The White House Christmas display.
Photo: The Washington Post/The Washington Post/Getty Images
What should we make of Melania Trump’s festive gauntlet of all-red, elongated — nearly Giacometti-like — Christmas trees lining the East Colonnade of the White House? Why does this decorating choice feel so peculiar?
The press and social media have been on the case. So far, the trees have been compared to Atwood-style handmaids all in a row (a sinister riff on “eight maids a’milkin’?). Some have imagined they see a row of large angry Muppets with googly eyes. Many find the trees downright frightening, likening the color to blood. Some read them politically, one observer suggesting the trees represented a compensatory “red wave” standing in for the one the midterms failed to bring. And the Washington Post helpfully pointed out that lethal radioactivity can turn fir trees this color, and that the woods surrounding Chernobyl have been renamed the “Red Forest.”
Typically Melania has had little to say, insisting simply that the trees looked “fantastic” in person (of course how many of us will see them that way?). And her office claimed that the monochromatic trees were actually a nod to the red pales or stripes on the presidential seal, and that the color stood for “bravery” and “valor” — an answer meeting the usual White House quotient of truthiness.
We get nowhere reading Melania’s trees for hidden imagery — cryptic, nuclear, faux-patriotic, or otherwise. Instead, let’s read the relationship we seem to have established with them — to understand why we feel so compelled to make sense of these damned trees, and why they generates so much un-ease.
Whatever cloud-pictures you choose to see in Melania’s trees, something feels emotionally off about them. Despite their otherwise warm shade of Noel crimson, these trees evoke a discomfiting coldness and a feeling of refusal. Here’s why.
Christmas trees, no matter how stylized, like all celebratory adornments (gift wrapping, party streamers), create a festive feel via visual intricacy, through contrast, pattern, light, movement, and variety. Silver tinsel glints against green branches; ornaments catch and reflect light; diverse shapes play off one another. Christmas trees invite the eye to move — to dance even — over their surface, taking in the different colors and textures. This visual movement over diverse components creates interest and delight.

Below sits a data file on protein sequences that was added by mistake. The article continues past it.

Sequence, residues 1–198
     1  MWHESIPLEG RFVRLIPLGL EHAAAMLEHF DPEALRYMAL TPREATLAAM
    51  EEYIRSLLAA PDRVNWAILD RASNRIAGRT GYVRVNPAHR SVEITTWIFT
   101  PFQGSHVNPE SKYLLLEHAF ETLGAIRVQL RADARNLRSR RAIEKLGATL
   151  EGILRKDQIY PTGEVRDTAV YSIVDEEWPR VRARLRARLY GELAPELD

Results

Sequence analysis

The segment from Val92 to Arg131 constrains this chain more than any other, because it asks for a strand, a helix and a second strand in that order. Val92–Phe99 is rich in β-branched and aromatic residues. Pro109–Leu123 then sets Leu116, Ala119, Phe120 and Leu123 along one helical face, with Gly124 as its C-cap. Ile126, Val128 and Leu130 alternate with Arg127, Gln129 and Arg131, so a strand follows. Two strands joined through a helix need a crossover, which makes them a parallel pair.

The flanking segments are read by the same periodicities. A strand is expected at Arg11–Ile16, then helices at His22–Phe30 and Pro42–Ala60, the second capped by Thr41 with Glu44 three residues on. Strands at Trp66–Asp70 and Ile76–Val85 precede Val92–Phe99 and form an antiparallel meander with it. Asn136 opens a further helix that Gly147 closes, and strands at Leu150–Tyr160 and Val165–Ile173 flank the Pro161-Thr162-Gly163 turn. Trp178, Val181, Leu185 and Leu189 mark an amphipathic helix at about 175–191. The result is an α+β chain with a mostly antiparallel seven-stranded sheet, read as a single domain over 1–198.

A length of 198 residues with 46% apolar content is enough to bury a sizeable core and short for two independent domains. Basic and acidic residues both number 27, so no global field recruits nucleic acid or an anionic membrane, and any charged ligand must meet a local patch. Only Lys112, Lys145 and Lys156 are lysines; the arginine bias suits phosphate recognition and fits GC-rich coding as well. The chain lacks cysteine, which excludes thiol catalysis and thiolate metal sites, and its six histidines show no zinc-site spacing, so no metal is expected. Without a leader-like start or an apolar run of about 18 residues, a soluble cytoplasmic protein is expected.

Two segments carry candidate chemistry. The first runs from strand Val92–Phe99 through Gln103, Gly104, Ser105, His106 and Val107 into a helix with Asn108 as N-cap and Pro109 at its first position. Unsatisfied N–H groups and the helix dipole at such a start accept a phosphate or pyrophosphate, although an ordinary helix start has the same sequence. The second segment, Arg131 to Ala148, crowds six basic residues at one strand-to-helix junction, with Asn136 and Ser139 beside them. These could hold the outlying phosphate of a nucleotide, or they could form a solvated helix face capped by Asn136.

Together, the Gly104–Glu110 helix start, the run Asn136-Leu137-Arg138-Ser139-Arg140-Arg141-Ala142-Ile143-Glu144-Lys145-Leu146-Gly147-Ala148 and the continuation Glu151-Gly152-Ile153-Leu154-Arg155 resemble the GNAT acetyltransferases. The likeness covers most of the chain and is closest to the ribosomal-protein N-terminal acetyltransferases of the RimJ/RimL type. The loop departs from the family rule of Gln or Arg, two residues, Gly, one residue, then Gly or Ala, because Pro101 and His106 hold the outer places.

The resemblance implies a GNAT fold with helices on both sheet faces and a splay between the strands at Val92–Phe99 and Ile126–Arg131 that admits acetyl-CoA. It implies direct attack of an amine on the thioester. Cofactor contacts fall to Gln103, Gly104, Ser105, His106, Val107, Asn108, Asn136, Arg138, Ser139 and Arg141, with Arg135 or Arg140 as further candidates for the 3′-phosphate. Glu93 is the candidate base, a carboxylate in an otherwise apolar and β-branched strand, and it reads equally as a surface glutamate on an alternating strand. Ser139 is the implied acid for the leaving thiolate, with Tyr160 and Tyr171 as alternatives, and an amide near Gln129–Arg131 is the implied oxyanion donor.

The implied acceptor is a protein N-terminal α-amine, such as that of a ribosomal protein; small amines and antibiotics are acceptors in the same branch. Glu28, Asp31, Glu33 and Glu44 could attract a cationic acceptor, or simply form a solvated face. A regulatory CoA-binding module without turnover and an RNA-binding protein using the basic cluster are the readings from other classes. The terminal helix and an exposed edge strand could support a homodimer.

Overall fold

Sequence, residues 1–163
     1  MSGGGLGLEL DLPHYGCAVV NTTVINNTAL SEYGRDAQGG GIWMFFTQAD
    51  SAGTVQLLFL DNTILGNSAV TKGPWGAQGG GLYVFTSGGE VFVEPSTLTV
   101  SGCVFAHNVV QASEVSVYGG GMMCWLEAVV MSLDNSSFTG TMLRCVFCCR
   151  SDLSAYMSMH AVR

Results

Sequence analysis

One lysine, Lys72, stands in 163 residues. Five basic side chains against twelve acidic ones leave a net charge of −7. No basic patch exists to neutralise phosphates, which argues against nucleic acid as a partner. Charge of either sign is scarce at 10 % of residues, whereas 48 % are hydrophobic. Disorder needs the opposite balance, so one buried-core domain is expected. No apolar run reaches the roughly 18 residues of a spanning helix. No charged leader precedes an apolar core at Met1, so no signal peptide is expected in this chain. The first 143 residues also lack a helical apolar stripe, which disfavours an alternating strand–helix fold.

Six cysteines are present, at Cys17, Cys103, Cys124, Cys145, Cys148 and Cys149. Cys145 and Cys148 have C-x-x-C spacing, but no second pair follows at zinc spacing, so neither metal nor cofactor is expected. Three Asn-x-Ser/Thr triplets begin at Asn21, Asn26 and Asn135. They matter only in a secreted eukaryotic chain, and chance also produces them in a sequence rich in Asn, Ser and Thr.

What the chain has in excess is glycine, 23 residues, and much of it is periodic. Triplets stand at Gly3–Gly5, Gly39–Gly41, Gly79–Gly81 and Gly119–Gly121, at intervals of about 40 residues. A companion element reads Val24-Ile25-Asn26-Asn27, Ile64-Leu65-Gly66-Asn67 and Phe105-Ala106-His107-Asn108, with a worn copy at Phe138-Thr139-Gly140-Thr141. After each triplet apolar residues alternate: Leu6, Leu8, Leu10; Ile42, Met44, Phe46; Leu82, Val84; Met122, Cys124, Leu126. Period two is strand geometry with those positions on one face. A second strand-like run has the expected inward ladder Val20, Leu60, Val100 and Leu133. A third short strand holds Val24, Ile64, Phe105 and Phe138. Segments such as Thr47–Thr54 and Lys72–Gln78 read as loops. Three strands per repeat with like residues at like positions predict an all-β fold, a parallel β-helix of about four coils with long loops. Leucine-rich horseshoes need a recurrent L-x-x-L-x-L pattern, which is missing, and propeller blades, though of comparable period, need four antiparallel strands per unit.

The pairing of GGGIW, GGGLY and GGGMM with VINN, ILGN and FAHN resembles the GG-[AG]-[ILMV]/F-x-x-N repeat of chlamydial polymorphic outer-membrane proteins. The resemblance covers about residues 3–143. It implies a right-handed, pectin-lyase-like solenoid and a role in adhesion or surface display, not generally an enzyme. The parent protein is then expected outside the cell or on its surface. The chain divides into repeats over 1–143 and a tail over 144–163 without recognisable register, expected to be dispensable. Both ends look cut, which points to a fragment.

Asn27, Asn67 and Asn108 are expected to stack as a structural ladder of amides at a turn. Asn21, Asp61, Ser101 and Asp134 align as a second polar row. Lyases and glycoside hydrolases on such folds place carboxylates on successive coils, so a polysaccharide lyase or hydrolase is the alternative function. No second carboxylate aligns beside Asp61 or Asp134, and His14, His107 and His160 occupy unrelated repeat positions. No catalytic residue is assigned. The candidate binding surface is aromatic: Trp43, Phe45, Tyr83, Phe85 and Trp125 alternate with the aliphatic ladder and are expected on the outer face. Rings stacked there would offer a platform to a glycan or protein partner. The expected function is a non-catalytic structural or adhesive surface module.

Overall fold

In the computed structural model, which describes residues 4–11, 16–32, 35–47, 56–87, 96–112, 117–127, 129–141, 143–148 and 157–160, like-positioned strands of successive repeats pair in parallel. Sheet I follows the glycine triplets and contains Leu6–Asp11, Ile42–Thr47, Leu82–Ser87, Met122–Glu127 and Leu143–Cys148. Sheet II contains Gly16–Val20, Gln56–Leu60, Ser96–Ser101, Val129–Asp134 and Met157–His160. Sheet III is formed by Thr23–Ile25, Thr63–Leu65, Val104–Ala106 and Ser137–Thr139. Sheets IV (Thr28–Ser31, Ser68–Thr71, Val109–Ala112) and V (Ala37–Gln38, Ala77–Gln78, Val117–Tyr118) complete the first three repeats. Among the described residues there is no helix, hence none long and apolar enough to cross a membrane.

Melania’s trees do just the opposite. In their uniformity they refuse visual difference or movement. And although they are in fact made up of many discrete elements — each tree consists of thousands of tiny berries — these myriad elements have all been compressed and molded into sameness. One dense shape, one dense color. No surface variations. These trees refuse visual and textural diversity, giving the feeling of homogeneity forced upon a mass, the forcible unification of multitudes — ironic, given this administration’s apparent views on racial diversity.
The trees, in other words, refuse to participate in the expectations we have of their genre. They will not sparkle amusingly for us. They will not divert the eye or suggest bounty or joy. These trees outright reject their traditional function, exactly as Melania does. And since one of the First Lady’s traditional functions is, precisely, White House Christmas decorating, the trees display a double-level resistance. It makes perfect sense that this FLOTUS decks her halls with impeccable topiary that just says NO to both wifely and Yuletide cheer.
We are by now long familiar with Melania’s theater of resistance, her habitual turning of her back to us. These trees are like another fashion statement, the arborial equivalent of Melania’s incongruous stilettos in flood zones, aggressive jacket-messaging, tone-deaf pith helmets, and— especially — her mirrored shades and trademark middle-distance stare, which bespeak her refusal ever to return our gaze.
That refusal is what we are trying to read, to get a purchase on. We correctly feel rebuffed by blankness, which goads us to keep trying to understand, to make sense. And so we have turned Melania into our Rorschach blot, a test of anything we fear from this administration: misogyny, angry monsters, nuclear war.
In one way, we might applaud Melania Trump for her consistent rejection of the pre-feminist conventions of First Ladyhood. Why should she evince motherly warmth at the holidays? Why should she go all Christmas-cookies on us when that is clearly not her style?
And yet, in sloughing off this retro image, Melania simply reinforces another one. Instead of the inviting hostess, she offers a different kind of parodic femininity, one that perpetuates the notion of woman as pure ornament, a commodity, as surface or shell — gift-wrap with no package underneath.
That is where we find ourselves now, desperately seeking to discover the “package” of meaning beneath Melania’s resistant and glossy surface. Beneath her inscrutable persona and now, beneath her inscrutable trees. On a larger level, this is the situation in which the entire Trump administration places us. We gaze at it looking for meaning, for explanations, for logic, but find mere surface — the illogic of rebuffed questions. No, the president tells us, he simply does not “believe” the climate change report; MBS did or did not order the death of Jamal Khashoggi; he will or will not cancel his meeting with Putin. Over and over we feel the gap between surface and depth, answer and truth under this presidency. Melania is simply a condensed, decorative allegory for that. And so too are her silent red trees.